Call me Mommy pt. 7

The sweetest sound in the world to the thirsty eyes and ears of a parent is a child excitedly calling their name with the biggest smile their little cheeks can hold.

Five days without seeing my girl. Four nights without bedtime kisses. It’s a barren state of being when your reason for existing isn’t readily at your side. 

I’m being dramatic, but hey, I’m a fiction writer. 

It feels like so long since I have seen my baby girl, hardly a baby now at almost three years old, but the moment we walk through the door to pick her up from her grandparents, that smile, that hug, those kisses, make the world tilt right side up again.

“Mommy!” She yells. “Dahey!”

We need to work on pronouncing our D’s, but it’s the most beautiful thing I have ever heard.

I would do anything for that little smile, and those hugs are enough to melt you through. I finally feel whole again, and now, it’s beack to the old routine! Plus or minus a few sleepless nights as punishment for being gone so long.

Oh, the thinks I am thinking.

My daughter loves one of Dr. Seuss’s books, “Oh, the thinks you can think.” As most Dr. Seuss books are, this one is full of silly rhymes and random items thrown together, but it is also a parent’s nightmare because of how all over the place it is. It jumps from simple questions to complex, compound sentences with a rhyme scheme that doesn’t exactly match the previous page. It’s hard to find a rhythm. Certainly, not one of my favorite Seussian books, but she enjoys it.oh-thinks-you-can-think-dr-seuss

It does makes me think (see what I did there?) of how in the world that man could come up with such crazy, yet coherent books that even children love. I then let that thought train spiral into what and how my brain thinks, how my thoughts are formed, and how I see the world. Do I see it in a mix array of things that are all thrown together and forced into insane yet manageable cohesiveness like Dr. Seuss?

Nahh. I’m more of a logical mind in the sense that everything has its place, but I will admit there are times where my brain processes and clumps thoughts together so effortlessly that even I sometimes feel lost on how the train got to that station.

Our minds are such curious things, and I think I’ve just learned to appreciate the genius in Dr. Seuss’s book. It’s like a challenge to not only the child reading the book, but to the adult. I think even Disney once said that “Even adults were children once.” Maybe they are both on to something. As we become adults, we may need a reminder to think more like children, with an open mind to all the thinks we can think.

Now I’m thinking of planning a trip to Disney. Where’d that train come from?

Pride and Parenting

​Umm, what just happened here?

My daughter who is now two years old just asked to be put right in bed after good night kisses. She gave hugs and pointed at her bed and said “crib”. She’s now asleep, and I’m kind of at a loss.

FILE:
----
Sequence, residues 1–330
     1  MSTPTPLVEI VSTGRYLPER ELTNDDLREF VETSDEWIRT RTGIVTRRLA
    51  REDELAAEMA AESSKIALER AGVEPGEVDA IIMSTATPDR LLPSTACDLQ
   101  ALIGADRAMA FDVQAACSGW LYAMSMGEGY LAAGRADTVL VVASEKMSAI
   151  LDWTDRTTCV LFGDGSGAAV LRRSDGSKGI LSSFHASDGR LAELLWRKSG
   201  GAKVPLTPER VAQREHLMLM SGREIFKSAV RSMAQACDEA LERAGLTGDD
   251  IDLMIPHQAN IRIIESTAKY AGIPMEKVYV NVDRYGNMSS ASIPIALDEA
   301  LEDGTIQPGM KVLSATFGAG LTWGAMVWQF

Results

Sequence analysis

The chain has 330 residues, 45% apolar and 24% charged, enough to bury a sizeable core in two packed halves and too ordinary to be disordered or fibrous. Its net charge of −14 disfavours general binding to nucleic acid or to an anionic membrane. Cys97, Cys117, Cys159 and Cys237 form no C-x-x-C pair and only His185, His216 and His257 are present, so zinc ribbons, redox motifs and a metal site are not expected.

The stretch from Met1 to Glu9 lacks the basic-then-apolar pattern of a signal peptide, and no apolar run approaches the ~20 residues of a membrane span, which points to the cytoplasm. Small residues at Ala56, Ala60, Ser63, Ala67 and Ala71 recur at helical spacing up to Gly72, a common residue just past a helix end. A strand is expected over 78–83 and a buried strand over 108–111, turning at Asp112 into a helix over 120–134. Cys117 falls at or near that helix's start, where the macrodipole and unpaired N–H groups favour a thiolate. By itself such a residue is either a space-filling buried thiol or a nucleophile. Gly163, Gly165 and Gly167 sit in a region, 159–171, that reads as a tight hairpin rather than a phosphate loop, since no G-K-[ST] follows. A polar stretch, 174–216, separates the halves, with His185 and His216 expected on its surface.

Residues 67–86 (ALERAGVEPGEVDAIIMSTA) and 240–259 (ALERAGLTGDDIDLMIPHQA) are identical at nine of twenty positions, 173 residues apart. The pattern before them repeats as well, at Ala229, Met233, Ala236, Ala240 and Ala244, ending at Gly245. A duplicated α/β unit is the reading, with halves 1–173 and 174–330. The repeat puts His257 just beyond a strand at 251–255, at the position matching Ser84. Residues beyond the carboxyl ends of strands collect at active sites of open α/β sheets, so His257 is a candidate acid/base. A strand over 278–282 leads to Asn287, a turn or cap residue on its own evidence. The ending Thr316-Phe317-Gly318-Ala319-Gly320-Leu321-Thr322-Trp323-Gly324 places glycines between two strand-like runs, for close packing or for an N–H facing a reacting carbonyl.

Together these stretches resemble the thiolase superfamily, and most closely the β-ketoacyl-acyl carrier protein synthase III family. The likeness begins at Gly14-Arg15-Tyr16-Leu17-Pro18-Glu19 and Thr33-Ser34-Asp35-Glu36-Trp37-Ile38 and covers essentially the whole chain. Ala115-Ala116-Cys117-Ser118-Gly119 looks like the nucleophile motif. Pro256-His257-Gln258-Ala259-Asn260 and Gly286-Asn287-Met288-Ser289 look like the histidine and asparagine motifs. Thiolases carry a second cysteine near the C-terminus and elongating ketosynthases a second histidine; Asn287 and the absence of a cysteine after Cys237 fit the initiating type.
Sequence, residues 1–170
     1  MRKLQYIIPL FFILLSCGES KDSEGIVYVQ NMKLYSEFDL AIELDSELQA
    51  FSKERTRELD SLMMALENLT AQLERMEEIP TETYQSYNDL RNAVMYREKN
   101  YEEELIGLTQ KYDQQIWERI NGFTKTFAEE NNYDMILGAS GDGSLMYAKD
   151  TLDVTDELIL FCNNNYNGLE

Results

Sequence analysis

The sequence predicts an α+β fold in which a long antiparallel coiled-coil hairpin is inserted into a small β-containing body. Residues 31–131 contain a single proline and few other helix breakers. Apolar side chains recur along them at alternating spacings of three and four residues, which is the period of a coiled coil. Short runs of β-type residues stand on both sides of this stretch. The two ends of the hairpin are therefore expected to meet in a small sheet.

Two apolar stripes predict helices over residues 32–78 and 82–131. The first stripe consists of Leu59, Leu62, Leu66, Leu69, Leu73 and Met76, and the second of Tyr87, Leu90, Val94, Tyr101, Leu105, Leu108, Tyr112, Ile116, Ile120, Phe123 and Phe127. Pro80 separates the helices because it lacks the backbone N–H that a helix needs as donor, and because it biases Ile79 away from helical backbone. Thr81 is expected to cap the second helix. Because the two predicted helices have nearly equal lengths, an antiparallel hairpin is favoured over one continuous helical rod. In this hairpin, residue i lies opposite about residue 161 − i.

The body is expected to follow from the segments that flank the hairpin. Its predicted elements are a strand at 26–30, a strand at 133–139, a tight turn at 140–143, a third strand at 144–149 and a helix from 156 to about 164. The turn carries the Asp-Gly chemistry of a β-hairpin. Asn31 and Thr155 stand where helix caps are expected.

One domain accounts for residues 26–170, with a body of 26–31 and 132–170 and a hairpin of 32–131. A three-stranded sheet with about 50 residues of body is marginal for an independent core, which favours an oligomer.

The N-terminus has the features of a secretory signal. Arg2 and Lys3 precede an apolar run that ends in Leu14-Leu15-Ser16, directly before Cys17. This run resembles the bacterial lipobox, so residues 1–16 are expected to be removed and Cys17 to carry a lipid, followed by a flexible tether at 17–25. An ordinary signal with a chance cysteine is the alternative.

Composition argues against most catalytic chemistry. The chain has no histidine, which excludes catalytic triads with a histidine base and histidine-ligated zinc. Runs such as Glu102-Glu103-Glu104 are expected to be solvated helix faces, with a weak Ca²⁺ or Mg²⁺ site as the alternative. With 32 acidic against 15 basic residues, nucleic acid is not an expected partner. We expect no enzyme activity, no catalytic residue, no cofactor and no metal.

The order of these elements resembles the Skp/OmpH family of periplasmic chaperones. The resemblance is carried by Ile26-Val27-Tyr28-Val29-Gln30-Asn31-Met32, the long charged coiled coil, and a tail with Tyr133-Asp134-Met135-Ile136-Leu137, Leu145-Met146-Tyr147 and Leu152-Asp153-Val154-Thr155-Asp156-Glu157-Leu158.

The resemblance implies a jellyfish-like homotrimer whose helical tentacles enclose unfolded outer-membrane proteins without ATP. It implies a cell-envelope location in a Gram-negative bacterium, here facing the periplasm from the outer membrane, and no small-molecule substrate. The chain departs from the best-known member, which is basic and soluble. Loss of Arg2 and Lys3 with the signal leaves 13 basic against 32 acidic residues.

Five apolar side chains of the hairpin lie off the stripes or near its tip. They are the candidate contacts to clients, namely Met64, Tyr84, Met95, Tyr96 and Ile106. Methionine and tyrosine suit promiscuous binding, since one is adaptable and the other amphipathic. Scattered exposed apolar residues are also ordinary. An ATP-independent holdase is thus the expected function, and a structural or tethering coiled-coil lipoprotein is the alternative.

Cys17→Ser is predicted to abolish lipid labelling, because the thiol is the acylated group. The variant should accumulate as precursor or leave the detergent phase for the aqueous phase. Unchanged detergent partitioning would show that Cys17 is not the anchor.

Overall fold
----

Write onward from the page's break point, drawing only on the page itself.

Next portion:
From nursing her to sleep, rocking, then just cuddles to now. I’m a little heartbroken and relieved. Relieved that I didn’t ruin her potential sleep independence and that I may no longer have to spend hours trying to put her to sleep. At the same time, I’m heartbroken because she doesn’t need me for this small piece of her life anymore.

Is this how parenting is throughout your kid’s life? Happy when they prove you raised them right, but sad when they don’t need you like they used to?

Mind you, the night before we had only maybe slept four hours because little miss decided to wake up in the middle of the night and not go back to sleep. Even during those following days of similar nights, she would still want us to stay with her in her room, cuddling, until she fell asleep. 

This night is new, and the start of a new milestone for her, I’m sure of it. I’m just as sure that there will be setbacks, each of which I will cherish preciously knowing they too will come to an end, but this new step has really brought another secret of parenting no one shares with you to light.

I used to think pride was a seven deadly sin, and in some forms I think it could still be one, but now I know, it’s a parents greatest attribute. 

We are so proud of our children as they grow and master even the smallest skills, but it is also that pride that keeps us seemingly strong when we want to breakdown with the realization that our children will one day no longer need us as drastically as they do now. It’s our pride that gets us through the tough years, days, and hours. It’s how big our heart swells and breaks at the same time when we look at the achievements of our children. 

Here I am, sobbing over the fact that my two year old no longer needs me to put her to sleep anymore because I am so proud of her, but it’s my pride that is keeping me somewhat together and elated that she is growing into an independent child.

I’ll definitely be hugging her a little tighter in the morning. It’ll be all too soon that I’ll become embarrassing, and my pride might not save me then.